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Social Theory & Health

, Volume 13, Issue 3–4, pp 245–266 | Cite as

Power, intersectionality and the life-course: Identifying the political and economic structures of welfare states that support or threaten health

  • Dennis Raphael
  • Toba BryantEmail author
Original Article

Abstract

The insights provided by Gøsta Esping-Andersen’s Three Worlds of Welfare Capitalism on the origins and characteristics of social democratic, conservative and liberal welfare states make explicit many of the political and economic structures and processes that can impact on health and create health inequalities. Broad stroke analysis of welfare state differences indicates social democratic welfare states may fare better at promoting health and limiting health inequalities in specific instances. This article builds on Esping-Andersen’s insights to theorize how differences in sectoral power across and within forms of welfare states can shape the resources and supports available to those occupying various social locations during important periods of the life-course. It also specifies the specific health outcomes of special relevance to those situated in vulnerable social locations across the life-course.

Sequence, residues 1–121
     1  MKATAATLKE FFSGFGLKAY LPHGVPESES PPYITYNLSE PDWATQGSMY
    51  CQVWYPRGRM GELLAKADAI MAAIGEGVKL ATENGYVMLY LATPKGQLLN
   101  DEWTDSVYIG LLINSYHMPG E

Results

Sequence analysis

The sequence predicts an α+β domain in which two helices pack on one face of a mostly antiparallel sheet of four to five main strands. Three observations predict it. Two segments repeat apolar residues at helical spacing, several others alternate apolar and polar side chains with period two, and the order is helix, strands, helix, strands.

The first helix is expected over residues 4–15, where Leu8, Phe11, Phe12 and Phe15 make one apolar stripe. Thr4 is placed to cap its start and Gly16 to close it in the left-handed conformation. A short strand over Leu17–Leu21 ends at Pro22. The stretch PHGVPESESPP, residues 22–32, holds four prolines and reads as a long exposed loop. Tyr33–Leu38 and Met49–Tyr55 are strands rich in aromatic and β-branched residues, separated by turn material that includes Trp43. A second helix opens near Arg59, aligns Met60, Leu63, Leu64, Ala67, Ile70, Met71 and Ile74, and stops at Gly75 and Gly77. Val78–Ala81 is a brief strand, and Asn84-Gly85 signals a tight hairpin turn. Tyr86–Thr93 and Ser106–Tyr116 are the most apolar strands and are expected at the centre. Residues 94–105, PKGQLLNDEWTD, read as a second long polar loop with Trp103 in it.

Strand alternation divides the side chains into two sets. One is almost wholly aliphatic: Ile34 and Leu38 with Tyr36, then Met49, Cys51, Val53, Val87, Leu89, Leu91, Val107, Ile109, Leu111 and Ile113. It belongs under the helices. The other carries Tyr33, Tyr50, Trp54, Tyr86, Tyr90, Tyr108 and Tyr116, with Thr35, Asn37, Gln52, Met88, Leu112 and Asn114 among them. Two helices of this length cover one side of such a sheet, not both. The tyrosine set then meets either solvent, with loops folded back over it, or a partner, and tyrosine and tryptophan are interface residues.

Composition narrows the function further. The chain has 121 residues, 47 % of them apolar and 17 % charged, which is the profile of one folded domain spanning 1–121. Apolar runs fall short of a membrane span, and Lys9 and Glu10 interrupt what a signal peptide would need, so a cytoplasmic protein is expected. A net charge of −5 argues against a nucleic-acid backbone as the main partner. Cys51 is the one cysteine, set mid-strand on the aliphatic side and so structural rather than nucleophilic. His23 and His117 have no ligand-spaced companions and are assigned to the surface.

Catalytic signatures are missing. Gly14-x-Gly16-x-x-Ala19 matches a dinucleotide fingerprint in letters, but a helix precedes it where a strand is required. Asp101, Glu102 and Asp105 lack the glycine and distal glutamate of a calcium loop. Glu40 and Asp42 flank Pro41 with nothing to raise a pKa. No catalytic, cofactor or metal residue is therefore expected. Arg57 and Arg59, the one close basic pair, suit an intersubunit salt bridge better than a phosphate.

Keywords

political economy life course social determinants of health 

Notes

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Copyright information

© Palgrave Macmillan, a division of Macmillan Publishers Ltd 2015

Authors and Affiliations

  1. 1.Faculty of Health, York UniversityTorontoCanada
  2. 2.Faculty of Health Sciences, University of Ontario Institute of TechnologyOshawaCanada

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